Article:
Treatment of Relapsed Follicular Lymphoma with High Risk Status - Episode 4
Peter Martin, MD:Four years later, this lady returned to the officenow at the age of 61—with worsening fatigue. Based on those symptoms, repeat imaging was done, which showed, again, growing right inguinal lymphadenopathy up to about 4 to 5 cm in size. And, again, lab testing revealed some cytopenias. So, she is in a similar position to where we were before—symptoms, cytopenias, and diffused lymphadenopathy. As is usual in people with relapsed follicular lymphoma, I think it’s always important to rule out transformation, and so PET/CT was done in addition to CT imaging. And the SUVmax of the lymph nodes was in the 9 to 10 range. So, we didn’t feel that it was necessary to rebiopsy anything to prove that it was still follicular lymphoma, not transformed to diffused large B-cell lymphoma. She was started on a combination of lenalidomide and rituximab, and after 3 months, her symptoms had improved significantly. Her hemoglobin had gone up a little bit, her platelets had gone up a little bit. And by 6 months, her imaging had normalized.
In somebody with relapsed follicular lymphoma, we have a lot of similar considerations that we had in the frontline setting, including, in particular, observation. Just because somebody has lymphoma that has come back, it doesn’t mean that they necessarily need treatment right away. In fact, I would guess that most people who were asymptomatic at the time of relapse don’t require treatment just because the lymphoma’s come back, particularly if it’s picked up on some sort of imaging test. Some of us are occasionally doing imaging for routine surveillance, and an asymptomatic lymph node that’s gone from 1 to 2 cm is certainly nothing to be disturbed about. In this case, however, she was having some symptoms and was, again, developing cytopenias. And so, I think it was reasonable to consider second-line therapy.
Again, the discussion goes back to, what is the goal of treatment in this case? Her preference was to choose some treatment that was likely to result in some sort of durable remission without real intensive therapy. In general, we have a lot of the same treatment options as somebody with a new diagnosis, so single-agent rituximab is there. Probably a reasonable consideration in somebody like this, although, again, it may take a little bit longer to work and it may not work for as long. Rituximab plus chemotherapy is a reasonable option. The same chemotherapy regimens would be used in the frontline setting, although we probably wouldn’t use the exact same chemotherapy regimen over again. So, there are some data that suggest that some people can receive bendamustine more than once, but my bias has been to avoid that in general. Bendamustine as a single agent is approved by the FDA for treatment of people with rituximab-refractory follicular lymphoma, and the combination of bendamustine plus obinutuzumab is also approved for people with rituximab-refractory follicular lymphoma. So, those are the standard approved options.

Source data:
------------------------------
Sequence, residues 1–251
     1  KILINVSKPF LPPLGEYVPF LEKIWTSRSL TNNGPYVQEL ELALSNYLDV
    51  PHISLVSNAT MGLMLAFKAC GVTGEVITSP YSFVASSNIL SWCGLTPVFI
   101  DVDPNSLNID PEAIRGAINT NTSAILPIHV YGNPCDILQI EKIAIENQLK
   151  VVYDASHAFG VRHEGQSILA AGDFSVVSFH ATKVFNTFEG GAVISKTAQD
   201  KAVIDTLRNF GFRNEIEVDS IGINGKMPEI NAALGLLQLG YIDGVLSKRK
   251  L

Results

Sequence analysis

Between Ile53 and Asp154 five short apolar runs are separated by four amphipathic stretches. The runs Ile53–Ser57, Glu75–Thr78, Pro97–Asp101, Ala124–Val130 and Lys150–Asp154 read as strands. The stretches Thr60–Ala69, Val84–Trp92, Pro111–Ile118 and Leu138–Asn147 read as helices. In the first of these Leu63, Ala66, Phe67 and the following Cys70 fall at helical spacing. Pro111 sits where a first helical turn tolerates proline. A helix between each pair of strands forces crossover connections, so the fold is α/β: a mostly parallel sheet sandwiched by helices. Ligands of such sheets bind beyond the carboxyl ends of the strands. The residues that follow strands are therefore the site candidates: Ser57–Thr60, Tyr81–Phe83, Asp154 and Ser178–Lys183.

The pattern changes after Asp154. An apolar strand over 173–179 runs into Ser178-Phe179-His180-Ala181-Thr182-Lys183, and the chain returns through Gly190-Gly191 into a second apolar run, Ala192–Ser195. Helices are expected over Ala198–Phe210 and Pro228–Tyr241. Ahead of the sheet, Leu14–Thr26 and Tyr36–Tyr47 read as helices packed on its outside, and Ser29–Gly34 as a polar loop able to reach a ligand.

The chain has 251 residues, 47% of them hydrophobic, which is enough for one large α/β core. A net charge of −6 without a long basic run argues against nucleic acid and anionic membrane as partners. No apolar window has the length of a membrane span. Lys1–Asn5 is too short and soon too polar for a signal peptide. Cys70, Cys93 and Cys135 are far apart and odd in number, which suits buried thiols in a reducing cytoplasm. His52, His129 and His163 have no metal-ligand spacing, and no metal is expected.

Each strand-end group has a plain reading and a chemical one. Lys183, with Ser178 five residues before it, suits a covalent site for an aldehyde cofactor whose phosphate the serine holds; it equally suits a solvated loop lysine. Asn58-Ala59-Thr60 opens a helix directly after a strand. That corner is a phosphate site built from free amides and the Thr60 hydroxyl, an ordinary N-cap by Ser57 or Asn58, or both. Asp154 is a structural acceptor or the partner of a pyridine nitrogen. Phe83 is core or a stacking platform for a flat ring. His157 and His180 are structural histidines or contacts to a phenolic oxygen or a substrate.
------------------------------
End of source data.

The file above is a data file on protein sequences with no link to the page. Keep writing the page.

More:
The NCCN guidelines, however, also list lenalidomide plus rituximab as a reasonable option in the second-line setting. And we’re likely to see, in the near future, a presentation of data from phase III clinical trials that indeed show that it’s a reasonable option. We already have similar data from phase II clinical trials showing the activity of lenalidomide plus rituximab both in the frontline and relapsed settings. But based on phase III clinical trials, I wouldn’t be surprised if we have that regimen approved by the FDA in the near future.
One of the interesting factors we have to consider when we start lenalidomide/rituximab is, how long are we going to continue therapy in this case? In the frontline trials as well as in a published relapsed trial, lenalidomide and rituximab was generally continued for about 1 year. In ongoing phase III trials, there are elements of the regimen that are continued for a longer period of time. So, there’s some heterogeneity in the literature about how long to use these treatments and at what doses, for example. In general, in somebody like this, we would start with 20 mg of lenalidomide plus rituximab for 4 doses and then once every 8 weeks for the next year.
My bias in somebody with indolent follicular lymphoma is not to continue indefinite therapy. And once we’ve achieved our original goalwhich was to really get into a complete response, or close to it—chemotherapy and continuing indefinitely and going beyond 1 year in somebody who achieved a good response after 6 months, I’m not sure that there’s a huge role for that. In other words, the toxicities of the treatment at some point start to outweigh the ongoing benefit. As in this case, a complete response was achieved relatively early on in the chemotherapy and continuing indefinitely.
Transcript edited for clarity.